• 5 out of 5 stars
  • Getting even with the beasts that overpowered us

  • By U.P. on 01-13-16

Getting even with the beasts that overpowered us

Overall
5 out of 5 stars
Performance
5 out of 5 stars
Story
5 out of 5 stars

Reviewed: 01-13-16

What did you love best about Dragon Eaters?

These tales are about getting even with the beasts that have been overpowering us for so long. Prepare yourself to run wild: enjoy adventure, risk, and the “fetid smell” of dragons in the heat of battle. Meet Zombie dragons, vampire dwarves, elves, and animated skeletons. Awaken to the ways in which fear triggers bravery.

I read quite a number of books by Janet Morris and Chris Morris, loved the exquisite writing style, and appreciated the detailed expertise in weaponry and horse riding skills that enrich their work (garnered over a lifelong experience.) They are truly inventive in creating carefully defined rules of a universe shared between a team of authors. Here, they define the thrust of this anthology using a long stretch of time: “Now heroes throughout history stalk their legendary foe.”

Have you listened to any of Rob Goll’s other performances before? How does this one compare?

The voice artist, Rob Goll, a UK trained classical actor, has a warm Baritone voice. He embodies the characters in these stories with great conviction, giving each one of them a compelling sense of truth as they travel through a fanciful universe. The rich literary language of this anthology may be a challenge for many voice artists, but this is where he excels. His storytelling is both precise and engaging, as he seems drawn to the dark side, carrying us there with him through drama and adventure.

Looking at his YouTube channel I noticed that Dracula was an experiment for him to see whether he fancied being an audiobook narrator. Many of his other audiobooks are in a similar vein: Dragon Dreams: The Chronicles of Shadow and Light by Dusty Lynn Holloway, and Tales of Erana: The Warrior's Curse by Alexandra Butcher.

Any additional comments?

HEROIKA I allows me to learn about the team of authors and their varied storytelling skills. Each one of them has a biography rich with contradictions, across which imagination may be sparked:

S. E. Lindberg, Two decades of practicing chemistry, combined with a passion for the Sword and Sorcery genre. Jack William Finley has been a cook, an actor, a stunt man, a photographer, built computer hard drives, assembled ball bearings, delivered pizza, stocked shelves, wrapped wire and been a Soldier for the United States Army in Germany. Travis Ludvigson, a Warrior Poet who spent his life reading the histories of both real and imagined worlds, the ideas of ancient philosophers and the sagas of the Norse warriors. Tom Barczak, an Artist, turned Architect, who's finally getting around to finishing those stories he started writing long ago, when he sat on my front porch as a kid. JP Wilder, son of a farmer, a dishwasher, projectionist, paratrooper, Army scout, student, frat guy (of sorts), roofer, plumber (but not a very good one), grad student (twice-cooked), professor (Adjunct really), accountant, husband, executive, author, father. Joe Bonadonna, author of short stories, novels, and screenplays, a former rock and roll guitarist and songwriter from the Golden Age of 1964-1984. Milton John Davis, a chemist who enjoys his passion for writing, M. Harold Page, who wrote an earlier book inspired by a conversation with his son, who asked, “Daddy, how did the Roman Empire fall?” Alexandra Butcher. William Hiles. Walter Rhein, who splits his time between Wisconsin and Peru. Cas Peace, a folks song writer & performer whose first career was as a horse-riding instructor. Beth Waggoner Patterson. Bruce Durham, who writes history, young adult, post-apocalyptic, alt-historical and Lovecraftian horror, in addition to graphic novels.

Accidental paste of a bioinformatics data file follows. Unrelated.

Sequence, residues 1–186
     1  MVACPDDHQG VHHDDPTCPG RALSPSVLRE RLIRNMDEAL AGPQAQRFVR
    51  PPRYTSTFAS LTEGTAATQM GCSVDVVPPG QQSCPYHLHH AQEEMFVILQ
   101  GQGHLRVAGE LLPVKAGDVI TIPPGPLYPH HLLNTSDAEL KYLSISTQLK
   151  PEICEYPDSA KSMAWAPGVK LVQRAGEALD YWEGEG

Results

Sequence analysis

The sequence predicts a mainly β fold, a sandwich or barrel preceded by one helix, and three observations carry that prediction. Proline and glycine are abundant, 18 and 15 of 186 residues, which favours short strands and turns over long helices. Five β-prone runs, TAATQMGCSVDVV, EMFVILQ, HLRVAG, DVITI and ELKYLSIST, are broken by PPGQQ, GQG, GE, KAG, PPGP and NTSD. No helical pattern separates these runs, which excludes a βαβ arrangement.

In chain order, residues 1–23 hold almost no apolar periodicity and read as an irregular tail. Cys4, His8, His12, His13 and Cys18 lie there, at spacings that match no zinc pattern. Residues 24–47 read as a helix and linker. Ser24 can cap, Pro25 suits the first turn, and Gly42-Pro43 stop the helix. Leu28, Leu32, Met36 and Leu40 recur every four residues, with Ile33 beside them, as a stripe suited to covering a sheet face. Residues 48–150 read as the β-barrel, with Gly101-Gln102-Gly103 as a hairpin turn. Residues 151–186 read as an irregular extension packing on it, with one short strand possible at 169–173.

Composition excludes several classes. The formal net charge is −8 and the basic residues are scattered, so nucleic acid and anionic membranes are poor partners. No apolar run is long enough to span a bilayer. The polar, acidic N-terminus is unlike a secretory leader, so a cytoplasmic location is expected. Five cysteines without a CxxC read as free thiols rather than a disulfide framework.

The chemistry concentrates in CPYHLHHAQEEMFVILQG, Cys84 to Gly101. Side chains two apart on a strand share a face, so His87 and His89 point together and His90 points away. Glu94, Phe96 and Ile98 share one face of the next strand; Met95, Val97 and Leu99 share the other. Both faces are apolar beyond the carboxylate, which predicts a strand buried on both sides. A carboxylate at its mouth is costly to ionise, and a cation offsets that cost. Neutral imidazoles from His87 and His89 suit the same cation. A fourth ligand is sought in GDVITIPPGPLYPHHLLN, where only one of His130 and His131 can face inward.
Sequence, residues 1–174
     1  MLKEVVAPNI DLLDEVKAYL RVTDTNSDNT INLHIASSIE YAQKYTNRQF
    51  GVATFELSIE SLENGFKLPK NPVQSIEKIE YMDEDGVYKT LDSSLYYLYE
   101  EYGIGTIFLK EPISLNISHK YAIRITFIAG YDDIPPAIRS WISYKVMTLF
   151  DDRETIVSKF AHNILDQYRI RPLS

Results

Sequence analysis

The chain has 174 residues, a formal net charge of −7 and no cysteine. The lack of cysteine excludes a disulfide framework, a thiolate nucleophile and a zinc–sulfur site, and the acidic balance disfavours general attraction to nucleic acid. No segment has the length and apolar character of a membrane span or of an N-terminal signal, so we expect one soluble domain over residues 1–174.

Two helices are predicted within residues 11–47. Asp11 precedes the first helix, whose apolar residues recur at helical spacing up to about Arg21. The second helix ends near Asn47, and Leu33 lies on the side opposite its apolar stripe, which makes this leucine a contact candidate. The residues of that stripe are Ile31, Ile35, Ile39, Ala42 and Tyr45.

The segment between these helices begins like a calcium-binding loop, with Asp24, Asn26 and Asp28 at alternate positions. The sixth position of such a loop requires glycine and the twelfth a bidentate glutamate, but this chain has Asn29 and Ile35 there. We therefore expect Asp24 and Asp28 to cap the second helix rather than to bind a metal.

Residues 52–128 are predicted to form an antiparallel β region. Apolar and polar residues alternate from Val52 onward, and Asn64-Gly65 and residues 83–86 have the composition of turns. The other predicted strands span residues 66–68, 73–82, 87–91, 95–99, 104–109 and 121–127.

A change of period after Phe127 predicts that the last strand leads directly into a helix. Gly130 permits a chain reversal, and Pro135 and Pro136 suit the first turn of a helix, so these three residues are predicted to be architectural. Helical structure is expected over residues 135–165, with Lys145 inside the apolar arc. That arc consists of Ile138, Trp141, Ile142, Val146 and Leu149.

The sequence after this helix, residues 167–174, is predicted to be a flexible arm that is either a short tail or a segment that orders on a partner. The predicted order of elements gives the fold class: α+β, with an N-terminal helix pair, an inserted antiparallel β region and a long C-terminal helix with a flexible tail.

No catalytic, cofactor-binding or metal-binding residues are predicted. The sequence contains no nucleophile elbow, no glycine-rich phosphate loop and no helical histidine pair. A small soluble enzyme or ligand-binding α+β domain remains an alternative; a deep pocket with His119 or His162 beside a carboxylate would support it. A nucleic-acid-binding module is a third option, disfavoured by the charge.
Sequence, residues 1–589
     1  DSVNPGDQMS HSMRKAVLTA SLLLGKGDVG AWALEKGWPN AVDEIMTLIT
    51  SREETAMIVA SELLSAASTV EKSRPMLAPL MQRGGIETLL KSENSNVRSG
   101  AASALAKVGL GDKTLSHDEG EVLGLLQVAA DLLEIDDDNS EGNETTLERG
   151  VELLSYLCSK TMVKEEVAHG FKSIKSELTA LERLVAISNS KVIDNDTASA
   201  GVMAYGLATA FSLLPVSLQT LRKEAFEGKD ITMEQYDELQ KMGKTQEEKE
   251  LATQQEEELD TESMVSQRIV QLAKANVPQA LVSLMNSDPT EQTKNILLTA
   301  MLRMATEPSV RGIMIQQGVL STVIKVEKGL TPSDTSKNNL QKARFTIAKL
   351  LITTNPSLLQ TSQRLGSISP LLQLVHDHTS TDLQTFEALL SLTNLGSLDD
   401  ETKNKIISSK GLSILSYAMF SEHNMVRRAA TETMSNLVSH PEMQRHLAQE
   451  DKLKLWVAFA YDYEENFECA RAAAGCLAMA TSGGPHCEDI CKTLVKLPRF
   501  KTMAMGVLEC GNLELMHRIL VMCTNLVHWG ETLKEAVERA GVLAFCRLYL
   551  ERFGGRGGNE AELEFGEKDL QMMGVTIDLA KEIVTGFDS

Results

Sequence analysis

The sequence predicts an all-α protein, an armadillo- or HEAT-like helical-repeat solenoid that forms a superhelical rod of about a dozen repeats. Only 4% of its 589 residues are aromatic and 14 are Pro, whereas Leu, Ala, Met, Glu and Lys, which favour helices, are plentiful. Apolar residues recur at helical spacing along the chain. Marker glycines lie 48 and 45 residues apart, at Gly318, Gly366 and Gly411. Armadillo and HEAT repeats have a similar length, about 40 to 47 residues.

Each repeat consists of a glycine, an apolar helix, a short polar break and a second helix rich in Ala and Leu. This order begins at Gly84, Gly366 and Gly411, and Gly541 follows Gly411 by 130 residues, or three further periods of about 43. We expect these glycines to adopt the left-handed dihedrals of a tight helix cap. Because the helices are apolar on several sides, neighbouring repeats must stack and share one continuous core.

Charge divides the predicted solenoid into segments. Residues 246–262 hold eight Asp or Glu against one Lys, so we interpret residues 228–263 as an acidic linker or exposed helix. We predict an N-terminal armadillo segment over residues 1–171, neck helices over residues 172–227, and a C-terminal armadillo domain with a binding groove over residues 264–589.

4 of 4 people found this review helpful

  • The Song of Kings

  • Book 1
  • By: R. J. Chance
  • Narrated by: Don Warrick
  • Length: 10 hrs and 47 mins
  • Unabridged
  • Overall
    3 out of 5 stars 2
  • Performance
    5 out of 5 stars 1
  • Story
    5 out of 5 stars 1

Twins, Princes Leonidas and Calanus, are born to the Emperor Ptolemy and Queen Eugenia. Their mother dies in childbirth, and the twins are separated when Calanus is kidnapped by a radical group whose leader is known only as The Stranger. On the same day an elderly scholar named Nur'ed'Din hides a mysterious box within the walls of his crumbling house; moments later he is murdered by soldiers searching for the box and its secrets. The box remains hidden, awaiting a time of awakening.

  • 5 out of 5 stars
  • imaginative world building

  • By U.P. on 11-29-15

imaginative world building

Overall
5 out of 5 stars
Performance
5 out of 5 stars
Story
5 out of 5 stars

Reviewed: 11-29-15

What did you like best about this story?

There is a subtle connection between mythology and science fiction—and listening to the audiobook edition of THE SONG OF KINGS has brought it into focus. Describing an ancient world as well as a future universe both require a leap of imagination and the skill of world building. The future, as described by RJ Chance, is infused with names that resonate with histories, such as Emperor Ptolemy and Queen Eugenia. Even as you are swept away to witness heroic struggles, the past of this future world is ever present: “King Ptolemy would often stumble upon broken bones, sand scoured skulls; and every now and then a mummified body. With skin stretched upon their skeletons as thin as paper, but as hard as leather; kept preserved for all eternity in the dry conditions inside the trap.”

While humanity has branched out into the stars using warp drive, the basic urges and the struggle for power remain in place. It is against a very real prospect of death that three young princes—Calanus, Leonidas, and Ja’din—must survive, and as they find ways to overcome obstacles, their actions have far reaching affects, influencing the galaxy’s future forever.